With retail stores shutting down at the fastest pace since the crash of 2008, the head of the American Booksellers Association is grateful to see business holding steady.
After seven straight years of growth, core membership in the independent sellers’ trade group has dropped slightly since May 2016, from 1,775 to 1,757. At the same time, the number of actual locations rose from 2,311 to 2,321, reflecting a trend of owners opening additional stores.
The association’s CEO, Oren Teicher, says sales from reporting outlets are up around 2 1/2 percent in the first four months of 2017 over the same time period last year. Sales increased 5 percent from 2015 to 2016.
“We’re pleased that the sales and presence of independent stores continues to grow at a time when thousands of other stores are closing,” he told The Associated Press during a recent interview.
Teicher said he was also encouraged by a bump in “provisional members,” those intending to open a store, from 103 to 141. During the association’s prolonged decline, when the rise of superstores and e-books helped cut membership from around 5,000 in the 1980s to just 1,401 in 2008, the market looked so dire that some profitable stores closed because the owner wanted to retire and no buyer could be found. In recent years, independent stores have been helped by a variety of factors, from the fall of Borders and the struggles of Barnes & Noble to the leveling off of e-book sales.
Concerns do remain for independent sellers as they prepare to join thousands of publishers, authors, agents and librarians at the industry’s annual national convention, BookExpo, which begins Wednesday at New York’s Jacob Javits Center.
Closed stores of any kind can reduce foot traffic in a shopping district and hurt booksellers among others. And one company expanding on the ground is the online giant Amazon.com, which has been cited as a factor in closings for everyone from J.C. Penney to American Apparel.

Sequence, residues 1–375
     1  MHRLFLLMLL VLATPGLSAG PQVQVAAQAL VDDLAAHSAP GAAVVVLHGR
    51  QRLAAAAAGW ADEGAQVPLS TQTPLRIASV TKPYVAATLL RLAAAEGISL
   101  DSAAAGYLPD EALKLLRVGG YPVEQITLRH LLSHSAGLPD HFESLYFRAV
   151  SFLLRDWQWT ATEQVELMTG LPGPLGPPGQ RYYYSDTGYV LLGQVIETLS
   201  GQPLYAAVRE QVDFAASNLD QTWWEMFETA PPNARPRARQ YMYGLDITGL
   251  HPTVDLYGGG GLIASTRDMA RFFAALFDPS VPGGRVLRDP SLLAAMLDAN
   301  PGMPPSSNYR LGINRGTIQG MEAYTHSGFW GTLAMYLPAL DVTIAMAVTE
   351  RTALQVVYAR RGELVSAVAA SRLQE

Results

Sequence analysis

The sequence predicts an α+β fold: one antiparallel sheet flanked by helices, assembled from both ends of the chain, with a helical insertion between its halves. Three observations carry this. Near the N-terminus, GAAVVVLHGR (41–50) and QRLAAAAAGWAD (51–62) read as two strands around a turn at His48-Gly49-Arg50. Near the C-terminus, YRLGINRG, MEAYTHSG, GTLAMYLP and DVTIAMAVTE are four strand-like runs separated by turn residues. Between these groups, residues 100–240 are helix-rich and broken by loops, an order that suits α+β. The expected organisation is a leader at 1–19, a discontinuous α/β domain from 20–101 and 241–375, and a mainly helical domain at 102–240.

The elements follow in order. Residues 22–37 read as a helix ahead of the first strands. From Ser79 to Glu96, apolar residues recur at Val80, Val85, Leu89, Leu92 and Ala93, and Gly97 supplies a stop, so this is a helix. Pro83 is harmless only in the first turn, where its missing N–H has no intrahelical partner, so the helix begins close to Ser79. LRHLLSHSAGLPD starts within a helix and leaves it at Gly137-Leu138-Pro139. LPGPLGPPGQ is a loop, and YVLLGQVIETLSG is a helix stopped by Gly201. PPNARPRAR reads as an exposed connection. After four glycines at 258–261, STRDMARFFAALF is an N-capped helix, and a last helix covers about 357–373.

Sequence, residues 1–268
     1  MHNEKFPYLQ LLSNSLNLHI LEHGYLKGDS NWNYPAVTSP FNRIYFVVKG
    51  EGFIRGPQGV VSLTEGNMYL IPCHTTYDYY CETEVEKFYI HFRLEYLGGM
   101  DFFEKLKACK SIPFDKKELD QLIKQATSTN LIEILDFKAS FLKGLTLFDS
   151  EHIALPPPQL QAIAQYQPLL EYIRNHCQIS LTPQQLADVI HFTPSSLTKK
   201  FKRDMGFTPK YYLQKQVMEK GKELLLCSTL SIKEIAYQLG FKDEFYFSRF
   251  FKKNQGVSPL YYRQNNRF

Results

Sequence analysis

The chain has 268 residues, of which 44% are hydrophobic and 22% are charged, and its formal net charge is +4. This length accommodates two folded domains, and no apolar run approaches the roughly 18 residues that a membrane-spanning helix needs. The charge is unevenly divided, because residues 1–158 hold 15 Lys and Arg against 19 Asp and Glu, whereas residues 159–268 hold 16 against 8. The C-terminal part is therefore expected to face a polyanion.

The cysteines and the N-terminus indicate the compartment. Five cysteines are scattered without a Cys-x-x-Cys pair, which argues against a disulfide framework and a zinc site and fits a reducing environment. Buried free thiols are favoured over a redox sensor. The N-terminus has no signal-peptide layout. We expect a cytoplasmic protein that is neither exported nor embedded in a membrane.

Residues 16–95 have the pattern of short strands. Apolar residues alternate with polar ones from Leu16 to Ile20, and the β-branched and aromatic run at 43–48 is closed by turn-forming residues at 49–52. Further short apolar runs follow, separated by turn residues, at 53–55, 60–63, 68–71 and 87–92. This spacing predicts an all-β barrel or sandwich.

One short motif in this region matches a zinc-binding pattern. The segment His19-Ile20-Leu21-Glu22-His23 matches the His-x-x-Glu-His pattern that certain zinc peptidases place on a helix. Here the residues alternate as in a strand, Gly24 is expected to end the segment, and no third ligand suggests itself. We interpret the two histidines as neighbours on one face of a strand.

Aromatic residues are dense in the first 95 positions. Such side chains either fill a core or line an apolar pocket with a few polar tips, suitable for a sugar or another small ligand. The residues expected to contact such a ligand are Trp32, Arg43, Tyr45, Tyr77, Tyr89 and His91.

Amazon just opened its first bookstore in Manhattan and seventh overall. One outlet is within 1 1/2 miles of Third Place Books in Amazon’s hometown Seattle, where Third Place managing partner Robert Sindelar says sales initially dropped after the Amazon store opened in November 2015, but had bounced back by the end of last year.
“So it feels that their larger impact on us was short-lived,” said Sindelar, the booksellers association’s new president. “However, any bookstore — Amazon, indie or chain store — that close is going to impact our sales to some degree.”
BookExpo runs Wednesday to Friday and will be immediately followed by the fan-based BookCon, which ends Sunday. Profits have long been narrow or nonexistent in publishing and BookExpo/BookCon is one way to limit costs.
For much of its century-plus history, the convention rotated locations, including Los Angeles, Las Vegas and Washington, D.C., in the spirit of fairness and of spotlighting different parts of the country. But since 2008, New York publishers have preferred staying home. The 2016 show in Chicago, once a favorite setting for BookExpo, was notable for a drop in attendance and floor space and a lack of high-profile guests.
This year, the names have returned, although floor space continues to decline and side programs have been cut back. Hillary Clinton will speak at an hour-long event billed as “An Evening With Hillary Clinton” and is expected to promote a book of essays coming this September that will touch upon her loss to Donald Trump in 2016. Daughter Chelsea Clinton will be autographing her picture book “She Persisted” and Stephen King will make a joint appearance with son Owen King. Other featured speakers include Dan Brown, Kevin Hart and Sen. Al Franken, promoting his memoir “Al Franken, Giant of the Senate.”
Events director Brien McDonald says that the convention will address issues within and beyond book publishing. A First Amendment “resistance” panel organized by PEN America, the literary and human rights organization, will include Scott Turow and Black Lives Matter co-founder Patrisse Cullors. A discussion sponsored by the grassroots organization We Need Diverse Books is called “Real Talk About Real Apologies.”
The panel’s moderator, Laura M. Jimenez, noted that Rick Riordan apologized for inappropriately using the term “spirit animal,” a sacred creature for some American Indians, in his novel “The Sword of Summer.” Little, Brown and Co., publisher of Lemony Snicket’s (aka Daniel Handler’s) picture book “The Bad Mood and the Stick,” promised to remove images of blacks by illustrator Matt Forsythe that were criticized as racist.
Jimenez said she wanted the panel to emphasize how “the overwhelming whiteness of publishing makes it extremely difficult, if not impossible for them to see the problematic representations.”
“It seems the insular world of children’s literature publishing creates a space where white people are unaware of their own privilege and, historically, have been unwilling to hear us,” said Jimenez, a lecturer at Boston University’s School of Education. “That is changing with Twitter and other social media outlets and blogs. … I think an all-out drive for diversity in publishing is needed.”